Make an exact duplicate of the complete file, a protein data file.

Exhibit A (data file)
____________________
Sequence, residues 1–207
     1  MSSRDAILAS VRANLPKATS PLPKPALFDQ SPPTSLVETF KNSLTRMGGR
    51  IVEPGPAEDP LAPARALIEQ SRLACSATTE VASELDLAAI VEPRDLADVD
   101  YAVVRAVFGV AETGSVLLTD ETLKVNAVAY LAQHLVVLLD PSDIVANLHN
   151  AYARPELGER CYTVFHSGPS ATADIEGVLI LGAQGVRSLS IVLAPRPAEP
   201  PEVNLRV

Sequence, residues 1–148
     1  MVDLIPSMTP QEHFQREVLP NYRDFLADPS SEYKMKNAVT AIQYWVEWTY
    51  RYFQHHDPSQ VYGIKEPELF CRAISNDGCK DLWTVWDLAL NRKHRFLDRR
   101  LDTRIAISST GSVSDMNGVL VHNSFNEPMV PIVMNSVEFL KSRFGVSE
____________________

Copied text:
Sequence, residues 1–207
     1  MSSRDAILAS VRANLPKATS PLPKPALFDQ SPPTSLVETF KNSLTRMGGR
    51  IVEPGPAEDP LAPARALIEQ SRLACSATTE VASELDLAAI VEPRDLADVD
   101  YAVVRAVFGV AETGSVLLTD ETLKVNAVAY LAQHLVVLLD PSDIVANLHN
   151  AYARPELGER CYTVFHSGPS ATADIEGVLI LGAQGVRSLS IVLAPRPAEP
   201  PEVNLRV

Sequence, residues 1–148
     1  MVDLIPSMTP QEHFQREVLP NYRDFLADPS SEYKMKNAVT AIQYWVEWTY
    51  RYFQHHDPSQ VYGIKEPELF CRAISNDGCK DLWTVWDLAL NRKHRFLDRR
   101  LDTRIAISST GSVSDMNGVL VHNSFNEPMV PIVMNSVEFL KSRFGVSE